Yes that’s “Badder” in the good sense of the word! Last week Facebook converted “fan pages” into the marketers’ equivalent of a Facebook profile, complete with the inclusion of all activity into friends’ feeds (so far the holy grail of Facebook). It’s amazing how much steam Facebook has picked up in the last 18 months. Or is it? Maybe they simply built a better mousetrap, so to speak. The experience, social graph connections and permission based ecosystem that Facebook provides is far superior at attracting the general public than other social networks. Historically (albeit a short history), Facebook has not been overtly focused on ad sales like the other social nets. The advertising products available have been innovative, and where possible, take advantage of incorporating social graph data. There has been no cost for marketers to create groups or fan pages, nor to distribute applications. Many marketers have been quite successful at engaging consumers in this manner. The conversion of fan pages into business profiles and having the activity included in the Facebook news feed will create far more engagement. This was a great move, and inevitably the customization and tools attached to this can be a future source of revenue for Facebook.
Burgeoning Social Networks
(forewarning of a little sarcasm and devil’s advocate positioning to follow)
Nielsen reported today that as of Dec ’08, social network and blog activity has surpassed email, as the now 4th most popular activity on the web. Newsflash – social media is growing faster than other media – well…all together now – DUH! Heck, 3 of the top 10 websites are social media.
But let’s dig into this a bit, shall we…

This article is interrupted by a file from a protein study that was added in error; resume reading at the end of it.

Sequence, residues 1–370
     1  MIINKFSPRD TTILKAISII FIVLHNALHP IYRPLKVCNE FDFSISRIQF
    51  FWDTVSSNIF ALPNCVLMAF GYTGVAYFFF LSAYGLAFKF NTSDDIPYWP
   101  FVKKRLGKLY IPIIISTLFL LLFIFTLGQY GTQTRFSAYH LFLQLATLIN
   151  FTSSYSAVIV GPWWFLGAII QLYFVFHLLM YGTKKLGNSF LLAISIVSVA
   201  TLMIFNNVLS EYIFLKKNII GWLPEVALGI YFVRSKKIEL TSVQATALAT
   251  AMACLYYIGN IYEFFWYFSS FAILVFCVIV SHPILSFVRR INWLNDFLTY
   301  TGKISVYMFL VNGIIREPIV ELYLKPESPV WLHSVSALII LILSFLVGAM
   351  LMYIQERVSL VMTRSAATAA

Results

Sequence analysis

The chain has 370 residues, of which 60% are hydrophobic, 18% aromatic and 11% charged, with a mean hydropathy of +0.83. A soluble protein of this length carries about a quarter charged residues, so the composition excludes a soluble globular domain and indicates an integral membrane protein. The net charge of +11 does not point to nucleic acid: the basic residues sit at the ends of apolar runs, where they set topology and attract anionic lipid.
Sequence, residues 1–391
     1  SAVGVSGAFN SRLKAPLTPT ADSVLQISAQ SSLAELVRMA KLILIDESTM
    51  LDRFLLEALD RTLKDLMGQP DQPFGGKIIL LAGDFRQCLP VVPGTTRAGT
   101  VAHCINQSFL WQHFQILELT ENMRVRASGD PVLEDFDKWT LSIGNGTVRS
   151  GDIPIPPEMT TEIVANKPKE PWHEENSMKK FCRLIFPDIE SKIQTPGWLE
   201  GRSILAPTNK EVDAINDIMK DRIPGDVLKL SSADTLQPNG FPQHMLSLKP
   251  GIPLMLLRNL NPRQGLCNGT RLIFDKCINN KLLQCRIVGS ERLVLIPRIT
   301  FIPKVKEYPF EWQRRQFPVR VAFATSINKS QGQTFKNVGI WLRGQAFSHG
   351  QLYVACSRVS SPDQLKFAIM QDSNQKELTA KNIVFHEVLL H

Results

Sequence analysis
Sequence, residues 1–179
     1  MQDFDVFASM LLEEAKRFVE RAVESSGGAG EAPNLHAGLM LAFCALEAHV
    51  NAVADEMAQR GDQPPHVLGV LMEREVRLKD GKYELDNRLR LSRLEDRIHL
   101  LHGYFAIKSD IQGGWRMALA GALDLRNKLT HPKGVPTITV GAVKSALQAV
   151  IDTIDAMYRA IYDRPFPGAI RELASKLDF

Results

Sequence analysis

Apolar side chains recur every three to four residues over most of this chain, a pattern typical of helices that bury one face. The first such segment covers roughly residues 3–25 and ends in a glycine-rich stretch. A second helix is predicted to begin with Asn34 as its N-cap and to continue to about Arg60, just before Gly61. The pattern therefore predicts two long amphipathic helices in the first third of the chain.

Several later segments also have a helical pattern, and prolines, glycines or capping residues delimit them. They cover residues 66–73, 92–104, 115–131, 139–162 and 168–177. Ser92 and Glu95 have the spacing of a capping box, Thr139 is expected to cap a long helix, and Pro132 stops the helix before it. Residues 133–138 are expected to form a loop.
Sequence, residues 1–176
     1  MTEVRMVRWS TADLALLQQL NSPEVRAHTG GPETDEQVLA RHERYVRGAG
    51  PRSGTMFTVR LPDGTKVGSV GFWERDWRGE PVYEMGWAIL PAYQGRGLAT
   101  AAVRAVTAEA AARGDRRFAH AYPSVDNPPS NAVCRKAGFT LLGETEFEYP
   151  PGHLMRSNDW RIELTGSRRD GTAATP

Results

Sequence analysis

Nobody is unaware of the fact that social media is exponentially growing. Also, let’s be realistic, how much can email (or search or portal) reach grow? We’d have to invent a whole new population for that. Tracking email reach, which involves installed clients, may not provide the complete picture here. Either way – does it really matter? Email isn’t going away. In fact, the more social media you participate in, the more email becomes the glue where you receive reminders that there is a message waiting for you in one of your social inboxes. I actually predict a social media shake out at some point – people have information and inbox overload. Ultimately, an inbox is an inbox is an inbox, right? From the consumer’s point of view, some of their email is now just heading to a different inbox. Even consumers accessing content via RSS feeds will reduce their reliance on email for accessing similar content, including our marketing communication. Of course, from a marketer’s perspective access to these inboxes, and the loss of control, is a whole other ball game and that is the angle here. The bigger picture is a general shift from “push” to “pull” – from outbound communication totally controlled by the marketer, to inbound communication controlled by the consumer. I would have loved to see the Nielsen report broken out demographically. I have seen research that shows the younger generations abandoning the frequent daily use of email as a regular communication channel in favor of social networks, but nothing indicates email is going away from a reach perspective. Even according to the Nielsen report – it’s the second fastest growing activity on the web. The web has always had its roots in communities and they have always garnered a fair share of traffic and participation and always will. Email is dead – long live email.